Chicken And Fish No
Less Likely To Cause
Colon Cancer Than Red Meat
By Michael Skapinker and Paul Taylor
The Financial Times
WASHINGTON (Reuters) - People who have quit eating steaks for health reasons but still eat chicken and fish may still have a higher risk of colon cancer, researchers say.
They said so-called white meat is no less likely to cause cancer than ``red meat.'' But the more peas and beans a person eats, the lower the risk of colon cancer, they found.
``There is evidence of an excess risk of colon cancer for higher intakes of both red meat and white meat,'' Dr. Pramil Singh and Dr. Gary Fraser of the Center for Health Research at Loma Linda University in California wrote in the latest issue of the American Journal of Epidemiology.
``The strongest (food-related) risk factor ... was found for total meat intake,'' they added. Genetic makeup can also affect a person's risk of colon cancer.
Singh and Fraser used information from the Adventist Health Study, which examines the health of 34,000 Seventh Day Adventists. They are supposed to follow a largely vegetarian diet, but many sometimes eat meat.
Between 1977 and 1982 they found 157 cases of colon cancer in this group. Colon cancer is the second most common cause of cancer death in the United States, after lung cancer.
People who said they ate red meat once a week had a 38 percent higher risk of colon cancer than those who ate no meat. People who reported sometimes eating white meat had a 55 percent higher risk of colon cancer compared with vegetarians.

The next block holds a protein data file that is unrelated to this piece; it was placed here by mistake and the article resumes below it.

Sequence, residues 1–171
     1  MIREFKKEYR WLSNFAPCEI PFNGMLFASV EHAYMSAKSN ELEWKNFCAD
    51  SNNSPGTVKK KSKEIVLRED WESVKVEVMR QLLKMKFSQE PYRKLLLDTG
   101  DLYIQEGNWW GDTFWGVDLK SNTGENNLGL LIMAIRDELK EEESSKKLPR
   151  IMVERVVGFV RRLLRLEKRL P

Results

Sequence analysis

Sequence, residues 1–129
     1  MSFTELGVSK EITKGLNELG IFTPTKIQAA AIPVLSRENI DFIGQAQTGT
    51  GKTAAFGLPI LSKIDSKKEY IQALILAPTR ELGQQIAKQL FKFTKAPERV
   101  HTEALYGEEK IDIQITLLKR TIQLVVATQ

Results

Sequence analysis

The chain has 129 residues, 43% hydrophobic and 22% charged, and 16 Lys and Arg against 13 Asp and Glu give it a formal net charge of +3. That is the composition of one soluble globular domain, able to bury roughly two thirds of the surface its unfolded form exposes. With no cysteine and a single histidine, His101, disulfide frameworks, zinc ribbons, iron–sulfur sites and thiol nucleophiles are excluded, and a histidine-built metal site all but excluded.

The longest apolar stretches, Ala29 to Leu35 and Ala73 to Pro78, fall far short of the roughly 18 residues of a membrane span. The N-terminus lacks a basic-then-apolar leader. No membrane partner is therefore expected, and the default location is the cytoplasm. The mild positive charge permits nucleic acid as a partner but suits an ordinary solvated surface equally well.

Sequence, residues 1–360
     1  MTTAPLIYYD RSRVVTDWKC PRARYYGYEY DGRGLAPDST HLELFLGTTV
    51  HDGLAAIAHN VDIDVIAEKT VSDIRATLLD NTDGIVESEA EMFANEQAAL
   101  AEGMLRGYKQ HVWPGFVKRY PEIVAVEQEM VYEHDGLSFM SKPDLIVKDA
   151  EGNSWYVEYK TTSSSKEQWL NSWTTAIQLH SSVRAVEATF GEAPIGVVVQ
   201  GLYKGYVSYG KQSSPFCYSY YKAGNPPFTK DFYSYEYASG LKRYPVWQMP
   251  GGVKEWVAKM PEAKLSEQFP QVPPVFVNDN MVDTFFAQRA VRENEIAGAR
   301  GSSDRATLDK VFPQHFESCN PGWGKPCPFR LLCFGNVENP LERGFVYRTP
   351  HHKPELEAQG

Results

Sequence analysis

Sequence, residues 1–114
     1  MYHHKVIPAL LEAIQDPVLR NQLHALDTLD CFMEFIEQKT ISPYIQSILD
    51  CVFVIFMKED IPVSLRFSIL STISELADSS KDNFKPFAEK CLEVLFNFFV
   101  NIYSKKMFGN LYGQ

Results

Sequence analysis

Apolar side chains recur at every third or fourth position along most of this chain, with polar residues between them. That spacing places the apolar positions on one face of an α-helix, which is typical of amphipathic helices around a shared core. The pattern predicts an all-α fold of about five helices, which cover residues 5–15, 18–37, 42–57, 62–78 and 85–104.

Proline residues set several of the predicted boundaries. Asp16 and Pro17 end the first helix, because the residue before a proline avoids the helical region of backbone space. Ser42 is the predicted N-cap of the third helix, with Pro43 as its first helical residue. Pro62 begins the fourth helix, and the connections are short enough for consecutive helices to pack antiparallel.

The more meat the Adventists ate, the higher their risk. People who ate red or white meat four times a week or more had up to 200 percent -- three times -- the risk of colon cancer.
Singh and Fraser said they did not know why meat had this effect, but diets high in fat and meat, and low in fruits, vegetables and fiber, have been linked to several forms of cancer, including colon cancer.
Several teams of researchers have found that cooking red meat produces chemicals known as heterocyclic aromatic amines, which have been found to cause tumors in rats and mice.
Last year the American Institute for Cancer Research and the World Cancer Research Fund estimated that as many as 4 million cases of cancer worldwide could be prevented every year if people ate less meat and more vegetables.
The World Health Organization agrees people should cut back on meat and eat more fruits and vegetables to avoid cancer.
A 1996 study found that heavy consumption of animal fat, saturated and mono-unsaturated fat and red meat was associated with the development of non-Hodgkin lymphoma in women.